The 2023 Carolina Analytic Theology Workshop
March 23, 2023
Paul Franks is Associate Professor of Philosophy and Vice President Academic/Dean of Undergraduate Studies at Tyndale University in Toronto (Canada). He is a graduate of Southwestern Assemblies of God University (Biblical Studies), Talbot School of Theology (MA, Philosophy of Religion and Ethics) and the University of Oklahoma (PhD, Philosophy). In 2019 he published, Explaining Evil: Four Views with Bloomsbury Academic and has published several related articles in various journals focusing on the philosophy of religion. He is a long-time member of the EPS and has served on the EPS Executive Committee since 2016.
Matthew Flummer is Professor of Philosophy at Porterville College. Matthew has a PhD in philosophy from Florida State University. Prior to that, he earned an MA in philosophy from the University of Missouri-St. Louis and an MDiv with a specialization in Christian Thought from New Orleans Baptist Theological Seminary. His research primarily focuses on free will, moral responsibility, and the philosophy of religion and has appeared in various academic journals. He is also the cohost, with Taylor Cyr, of the podcast The Free Will Show. A book based on the podcast is forthcoming with OUP. Matthew lives with his wife and kids in central California. Website: https://matthewflummer.weebly.com/about.html
Julie Miller earned a PhD in Humanities with a concentration in Philosophy from Faulkner University’s Great Books Honors College. She has an MA in Christian Apologetics from Biola University. Julie has served as chapter director with Ratio Christi for eleven years, first at Rutgers University and now at Texas A&M University and is the Area Ministry Director for central Texas. She is a Founding Council member and treasurer of the Society for Women of Letters. Julie is the author of Critiquing Transhumanism: The Human Cost of Pursuing Techno-Utopia. She lives in College Station, Texas with her husband of 37 years. They have two married sons and three grandchildren. Website: https://societyforwomenofletters.com/leadership/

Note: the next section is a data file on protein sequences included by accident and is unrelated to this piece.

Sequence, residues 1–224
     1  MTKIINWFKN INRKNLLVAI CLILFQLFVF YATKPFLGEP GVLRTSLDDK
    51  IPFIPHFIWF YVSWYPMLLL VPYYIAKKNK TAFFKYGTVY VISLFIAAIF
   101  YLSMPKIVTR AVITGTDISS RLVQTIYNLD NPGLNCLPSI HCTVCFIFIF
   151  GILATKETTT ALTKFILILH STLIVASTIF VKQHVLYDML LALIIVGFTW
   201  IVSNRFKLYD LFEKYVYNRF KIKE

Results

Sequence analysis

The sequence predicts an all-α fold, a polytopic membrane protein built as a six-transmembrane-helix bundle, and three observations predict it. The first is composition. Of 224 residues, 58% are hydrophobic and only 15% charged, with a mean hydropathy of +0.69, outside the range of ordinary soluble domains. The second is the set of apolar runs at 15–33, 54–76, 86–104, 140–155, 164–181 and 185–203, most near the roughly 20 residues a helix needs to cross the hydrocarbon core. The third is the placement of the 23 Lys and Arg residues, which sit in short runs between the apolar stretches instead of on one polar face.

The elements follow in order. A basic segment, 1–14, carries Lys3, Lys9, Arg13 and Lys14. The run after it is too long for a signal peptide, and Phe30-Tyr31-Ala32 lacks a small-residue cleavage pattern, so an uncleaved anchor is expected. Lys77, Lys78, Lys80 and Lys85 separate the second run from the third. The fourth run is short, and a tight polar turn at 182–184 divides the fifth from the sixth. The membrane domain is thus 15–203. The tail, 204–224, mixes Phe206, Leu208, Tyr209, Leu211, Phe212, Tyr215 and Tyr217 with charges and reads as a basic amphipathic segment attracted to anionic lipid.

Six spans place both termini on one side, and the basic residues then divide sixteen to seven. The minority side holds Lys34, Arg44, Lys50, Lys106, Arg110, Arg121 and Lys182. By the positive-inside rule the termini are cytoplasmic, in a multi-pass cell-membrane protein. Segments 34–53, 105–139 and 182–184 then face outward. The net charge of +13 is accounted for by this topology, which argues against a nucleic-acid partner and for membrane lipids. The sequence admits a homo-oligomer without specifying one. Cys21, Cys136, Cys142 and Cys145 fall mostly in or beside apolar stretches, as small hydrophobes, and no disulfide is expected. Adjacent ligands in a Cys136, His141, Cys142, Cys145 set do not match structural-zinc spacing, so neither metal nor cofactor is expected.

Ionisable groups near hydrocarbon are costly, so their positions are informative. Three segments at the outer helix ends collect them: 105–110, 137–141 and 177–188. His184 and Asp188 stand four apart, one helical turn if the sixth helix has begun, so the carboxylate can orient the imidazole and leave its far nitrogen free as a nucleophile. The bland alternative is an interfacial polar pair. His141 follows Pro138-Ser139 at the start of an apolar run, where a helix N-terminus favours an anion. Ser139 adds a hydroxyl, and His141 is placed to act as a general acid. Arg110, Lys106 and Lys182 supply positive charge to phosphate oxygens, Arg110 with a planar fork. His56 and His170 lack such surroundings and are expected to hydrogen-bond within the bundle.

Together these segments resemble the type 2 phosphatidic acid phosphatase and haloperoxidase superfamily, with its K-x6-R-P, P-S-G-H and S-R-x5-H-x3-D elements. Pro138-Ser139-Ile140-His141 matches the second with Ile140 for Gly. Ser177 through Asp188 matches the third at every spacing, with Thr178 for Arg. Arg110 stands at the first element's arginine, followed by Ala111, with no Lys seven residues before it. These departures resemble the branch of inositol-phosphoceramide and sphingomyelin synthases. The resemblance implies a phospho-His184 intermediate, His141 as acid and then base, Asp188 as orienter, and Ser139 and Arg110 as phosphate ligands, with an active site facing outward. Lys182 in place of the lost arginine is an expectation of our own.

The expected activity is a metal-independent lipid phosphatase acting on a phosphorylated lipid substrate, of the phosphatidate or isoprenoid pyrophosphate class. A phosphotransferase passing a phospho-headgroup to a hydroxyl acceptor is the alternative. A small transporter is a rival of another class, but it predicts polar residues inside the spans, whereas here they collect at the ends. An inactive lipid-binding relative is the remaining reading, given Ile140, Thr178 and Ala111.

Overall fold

Dolores Morris is an associate professor of instruction in the philosophy department at the USF in Tampa, Florida. She received her PhD in Philosophy from the University of Notre Dame in 2010, where she wrote her dissertation on the metaphysics of mind under Alvin Plantinga. Dolores is also deeply invested in bridging the gap between Christian philosophy and the church. To that end, her first book, Believing Philosophy: Becoming a Christian Philosopher was released by Zondervan Academic in 2021, with accompanying video lectures released in October of 2022. She currently serves on the executive committee for the Society of Christian Philosophers. Website: https://www.doloresgmorris.com
J. T. Turner is Assistant Professor of Philosophy at Anderson University (SC). He holds degrees in philosophy and theology from Liberty University, Erskine College and Seminary, and the University of Edinburgh (his Ph.D.).He is the author of one monograph (with Routledge Press) on the metaphysics of resurrection and is a co-editor, with James Arcadi, of theT&T Clark Handbook of Analytic Theology. With Tom McCall and Jordan Wessling, he is a series editor for the Routledge Studies in Analytic and Systematic Theology monograph series. He has too many hobbies, mostly involving sports and table-top wargaming. He and his wife, Bethany, have one son, James, and a West Highland Terrier named “Theo.” Website: https://andersonuniversity.edu/academics/christian-studies/faculty/james-t-turner-jr-jt